Victoria 8 Dec 1872 6-pg Marcus Smith letter to his wife
Lot 89 in our auction Saturday 30th May 2020
Transcript of Letter
Victoria 8th Dec. 1872
My dear Nannie
The work for the season is at last drawing towards a close I have six parties home here making their plans etc. and in a day or two a steamer goes up the straits to valdes island to bring two parties down- there is only one party more in the heart of the rocky mountains near Henry house- this is the party who last year were surveying Howse pass- several hundred miles farther south then the yellow head or leather pass and which the Dominion Govt decided to abandon last winter- it has taken this party all summer to get to Henry house and they have not done a stroke of work- though they have cash well nigh $100, 000- they had to cut between 2 and 3 hundred miles of trail by the side of the Columbia river and over the Athabasca pass- and besides the chopping had to cut the rock, build bridges etc. to get the horses and mules over. This party had orders to come down but they have left it too late and cannot get down now before the Spring. Fleming is greatly annoyed about it- they have plenty of provisions with them but there is the pay of about 30 men going on all summer and all winter and nothing done- there are no roads- but one or two- in the country and everything has to be carried on the backs of horses or mules- and then have to take their chance of finding food by the way- we have over 400 horses and mules- these are now put out to winter- on such grass as they can find- often have to scrape for it in two to three feet of snow—
I shall probably go up the straits with the steamer and work down through the woods on the island (150 miles) as I have to trace a line for the railway to be surveyed some time or other we have no snow on the island yet but there has been a good deal of rain and it will be disagreeable- however I know well how to take care of myself in camp now- I take only one man with me and hire Indians in the country as I want them- I get along well with them and can now talk a little of the Chinook which all the tribes understand. It is a trading language invented by the Hudson’s Bay comp. we have a whaleboat with us and shall do a good deal of the distance by water as the line will be near the coast- I expect to get through by x-mas and soon after that hope to come home-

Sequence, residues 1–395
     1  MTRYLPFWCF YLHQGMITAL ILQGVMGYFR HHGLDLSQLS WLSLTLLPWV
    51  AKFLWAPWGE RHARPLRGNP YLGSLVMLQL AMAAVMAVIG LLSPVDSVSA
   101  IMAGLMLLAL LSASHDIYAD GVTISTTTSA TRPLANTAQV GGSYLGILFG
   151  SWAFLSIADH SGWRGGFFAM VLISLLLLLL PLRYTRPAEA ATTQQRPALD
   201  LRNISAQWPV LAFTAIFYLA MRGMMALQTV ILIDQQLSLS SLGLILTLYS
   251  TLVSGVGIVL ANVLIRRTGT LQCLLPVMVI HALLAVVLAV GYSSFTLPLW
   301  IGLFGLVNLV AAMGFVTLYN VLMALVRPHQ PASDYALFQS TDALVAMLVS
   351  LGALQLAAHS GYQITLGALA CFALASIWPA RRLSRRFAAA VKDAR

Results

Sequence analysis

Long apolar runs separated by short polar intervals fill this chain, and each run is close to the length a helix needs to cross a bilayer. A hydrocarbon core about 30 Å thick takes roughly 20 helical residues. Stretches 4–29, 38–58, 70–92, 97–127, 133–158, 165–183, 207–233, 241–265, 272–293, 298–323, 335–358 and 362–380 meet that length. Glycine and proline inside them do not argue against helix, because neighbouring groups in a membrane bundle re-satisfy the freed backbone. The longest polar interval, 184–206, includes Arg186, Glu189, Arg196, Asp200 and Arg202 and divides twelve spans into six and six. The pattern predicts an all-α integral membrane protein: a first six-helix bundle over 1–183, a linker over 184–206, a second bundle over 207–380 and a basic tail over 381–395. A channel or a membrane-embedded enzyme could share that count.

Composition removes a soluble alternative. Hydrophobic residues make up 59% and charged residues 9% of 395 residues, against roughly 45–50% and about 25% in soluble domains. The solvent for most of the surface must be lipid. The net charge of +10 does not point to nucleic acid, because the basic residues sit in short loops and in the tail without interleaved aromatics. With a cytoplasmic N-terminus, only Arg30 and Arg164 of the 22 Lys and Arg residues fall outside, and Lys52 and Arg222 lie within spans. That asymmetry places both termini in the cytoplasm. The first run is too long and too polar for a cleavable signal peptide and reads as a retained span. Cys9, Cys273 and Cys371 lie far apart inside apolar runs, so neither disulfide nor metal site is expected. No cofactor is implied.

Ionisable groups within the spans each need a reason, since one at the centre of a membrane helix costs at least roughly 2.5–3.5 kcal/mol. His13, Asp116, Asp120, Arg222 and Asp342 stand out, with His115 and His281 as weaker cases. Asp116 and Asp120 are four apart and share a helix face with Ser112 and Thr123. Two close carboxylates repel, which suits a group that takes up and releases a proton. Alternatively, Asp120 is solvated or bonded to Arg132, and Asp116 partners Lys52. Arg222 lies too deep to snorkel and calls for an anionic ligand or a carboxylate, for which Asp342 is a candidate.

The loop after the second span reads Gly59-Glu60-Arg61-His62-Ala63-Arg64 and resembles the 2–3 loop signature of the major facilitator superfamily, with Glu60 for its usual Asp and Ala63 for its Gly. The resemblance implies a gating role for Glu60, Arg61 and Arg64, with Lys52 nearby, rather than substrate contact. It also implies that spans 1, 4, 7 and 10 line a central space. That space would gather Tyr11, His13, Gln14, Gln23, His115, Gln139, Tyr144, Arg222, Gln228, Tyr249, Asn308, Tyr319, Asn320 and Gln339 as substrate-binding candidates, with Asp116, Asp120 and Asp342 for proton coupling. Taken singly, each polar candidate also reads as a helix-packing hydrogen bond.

I don’t of course know what I shall be doing next summer- but as I have done all and more than was expected of me and been entirely successful- except in that one unfortunate party- if anyone is sent out here next I shall most likely have the offer- in this case I intend to take up a farm in Tom’s name in a new country (the Chilcotin valley) just going to be opened up- farms are not here what they are in Canada- but just here and there where the valley opens out there are flats that can be cultivated- while all around on the slopes are bunch grass and sage on which the cattle graze-so that it is really stock farming-and stock increase so rapidly here- that there is scarcely one who has not got rich in a few years. The man who owns the 150 miles house commenced as a packer with 6 mules (carrying goods) then bought his farm- or ranche as they call it here- in three years more he bought another ranche- then another now he has some 1500 acres of land 200 head of cattle a saw mill & grist mill and over $100 000 in cash-
At any rate a summer for Tom either with a surveying party or with a packer or on a stock farm would give him strength as this is a remarkably healthy country- though the mainland in the winter is as cold as New Brunswick- the summers are beautiful no great heat and but little rain- Vancouver is like England rain and soft- but not muddy as there is so much rock.
The children of Victoria are the prettiest and healthiest I have ever seen out of England such a bloom on their cheeks and they are so lively- but there are no servants- only chinamen at $30 to $50 a month and board- most people have but one of them- if they have any at all- you must have a servant at any price before I come home I have not spent much money except on clothes- and too much on [ ] etc. people here are so free- in fact awfully extravagant and I have been invited out so much that when they visit me they of course expect liberal treatment- but one thing is certain with a good position there are chances of making money here which do not exist in Ontario- for instance I should have a good opportunity of discovering mines I have sent some specimens of quartz which I picked up to be assessed and I know where the range of slate & quartz runs from which the gold in the river banks must have been washed- Though there has been no quartz mining done here yet only washing the gold dust from the beds and banks of streams and gold is found more or less on every stream- but it is a very uncertain business- I have been driving and every other day since I came home and have gained in weight at the rate of half a pound a day but when I come home I was thinner than ever you saw me-
Love and kisses to the little ones. I am longing to be home to see them.